VinoMofo invests in Amanda’s food business, Nourissh – Australian Financial Review

The founders of multi-award-winning and rapidly growing wine-selling start-up Vinomofo​ had been hunting for a start-up in the meal delivery space to back for more than a year before they found their perfect candidate in Nourissh.

Nourissh is a collaboration between serial technology entrepreneur Scott Julian and sports kinesiologist Amanda Campbell. Ms Campbell became passionate about the power of nutrition after fully recovering from a severe stroke from multiple sclerosis that left half her body paralysed.

Nourissh delivers weekly sets of nutritionally balanced meals to homes throughout Melbourne and plans to expand nationwide by the end of 2016.

Nourissh is not the first company in Australia to try delivering cooked meals. Beyond restaurant behemoth Menulog, which sold for $855 million earlier this year, there are a handful of start-ups working on a similar offering.

Vinomofo co-founder Justin Dry said it was so convinced about the founding team and vision that it invested $250,000 before the company had even launched.

Following earlier successes

“We’d seen similar services take off in the US and other markets so we were looking for a local version to back, so we could use it too,” Dry says. “The fact the heart of the start-up is someone who truly understands health, because Amanda has a chronic condition, is very powerful.”

The seed investment is the first made by the start-up, which will also advertise Nourissh to its 330,000-plus customers in Melbourne.

Vinomofo has had a mixed history with its own investors, after an early-stage cash crunch had it sell 70 per cent of the business to Catch Group, before raising the funds required to buy it back.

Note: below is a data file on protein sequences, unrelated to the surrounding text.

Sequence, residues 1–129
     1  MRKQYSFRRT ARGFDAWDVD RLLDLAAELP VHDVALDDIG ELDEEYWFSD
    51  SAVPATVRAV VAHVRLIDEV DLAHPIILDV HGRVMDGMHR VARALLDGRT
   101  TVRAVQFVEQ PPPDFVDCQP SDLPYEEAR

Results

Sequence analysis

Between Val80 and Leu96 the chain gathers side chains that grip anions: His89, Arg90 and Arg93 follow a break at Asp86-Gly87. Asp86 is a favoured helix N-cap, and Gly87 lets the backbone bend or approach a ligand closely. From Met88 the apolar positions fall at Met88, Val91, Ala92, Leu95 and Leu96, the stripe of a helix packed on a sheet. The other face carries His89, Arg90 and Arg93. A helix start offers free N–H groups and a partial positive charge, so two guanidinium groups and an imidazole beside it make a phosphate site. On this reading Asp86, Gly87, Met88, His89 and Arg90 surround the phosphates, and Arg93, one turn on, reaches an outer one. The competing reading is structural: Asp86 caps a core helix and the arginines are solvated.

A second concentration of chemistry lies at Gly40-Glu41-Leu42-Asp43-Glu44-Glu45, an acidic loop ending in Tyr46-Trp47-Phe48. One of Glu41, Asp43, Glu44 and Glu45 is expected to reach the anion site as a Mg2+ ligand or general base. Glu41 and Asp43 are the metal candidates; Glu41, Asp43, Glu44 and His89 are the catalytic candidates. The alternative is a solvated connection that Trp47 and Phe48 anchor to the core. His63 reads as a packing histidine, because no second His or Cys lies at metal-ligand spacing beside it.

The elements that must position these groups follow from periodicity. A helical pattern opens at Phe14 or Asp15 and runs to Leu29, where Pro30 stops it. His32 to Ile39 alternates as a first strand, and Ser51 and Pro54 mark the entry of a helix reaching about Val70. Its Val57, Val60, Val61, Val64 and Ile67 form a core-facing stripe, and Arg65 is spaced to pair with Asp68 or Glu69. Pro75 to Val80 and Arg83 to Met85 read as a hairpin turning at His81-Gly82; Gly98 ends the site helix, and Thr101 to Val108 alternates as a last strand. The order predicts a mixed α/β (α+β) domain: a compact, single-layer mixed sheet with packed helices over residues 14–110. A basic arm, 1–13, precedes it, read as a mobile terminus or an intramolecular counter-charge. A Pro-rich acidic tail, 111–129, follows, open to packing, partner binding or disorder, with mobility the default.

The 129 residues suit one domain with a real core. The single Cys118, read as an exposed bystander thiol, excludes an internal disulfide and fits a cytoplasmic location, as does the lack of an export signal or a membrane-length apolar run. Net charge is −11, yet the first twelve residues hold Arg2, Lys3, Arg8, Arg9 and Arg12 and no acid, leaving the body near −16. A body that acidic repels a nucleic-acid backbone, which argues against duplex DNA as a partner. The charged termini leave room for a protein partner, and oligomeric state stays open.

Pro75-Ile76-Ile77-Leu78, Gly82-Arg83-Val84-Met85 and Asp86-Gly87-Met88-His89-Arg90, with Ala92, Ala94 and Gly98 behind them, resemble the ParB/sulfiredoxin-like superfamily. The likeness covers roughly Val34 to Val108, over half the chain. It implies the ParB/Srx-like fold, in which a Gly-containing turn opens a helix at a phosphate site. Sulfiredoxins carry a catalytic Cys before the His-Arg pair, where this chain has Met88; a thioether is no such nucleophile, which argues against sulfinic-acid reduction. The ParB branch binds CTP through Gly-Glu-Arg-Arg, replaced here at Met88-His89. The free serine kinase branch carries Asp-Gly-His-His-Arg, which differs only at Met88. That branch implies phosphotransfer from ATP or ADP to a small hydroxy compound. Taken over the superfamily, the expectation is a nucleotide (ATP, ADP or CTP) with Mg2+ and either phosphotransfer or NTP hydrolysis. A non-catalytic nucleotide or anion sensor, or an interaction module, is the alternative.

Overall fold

“Our experiences have definitely helped guide our investment philosophy. We will always back the founder’s decisions. And it was important for us to allow them to have a huge chunk of the business, so they don’t lose the motivation,” Mr Dry said.

Ms Campbell says her motivation for running Nourissh goes beyond the normal desire for a start-up founder to strike it big, following her earlier health problems.

“I used the very best in Western medicine and was recovering it,  but when I combined that with nutrition and diet, the results were profound. So this start-up comes straight from my heart,” she said.

While Nourissh creates the menus and meals, the sourcing of ingredients and food delivery is outsourced, a model Ms Campbell says would continue because it is key to the company’s scalability.

“We’re approaching it aware it’s not just a food company, we’re also a logistics company,” she says.

Nourissh delivers about 60 boxes of meals to 50 customers in Melbourne as a subscription service. The funds will go towards marketing and bringing in new customers.

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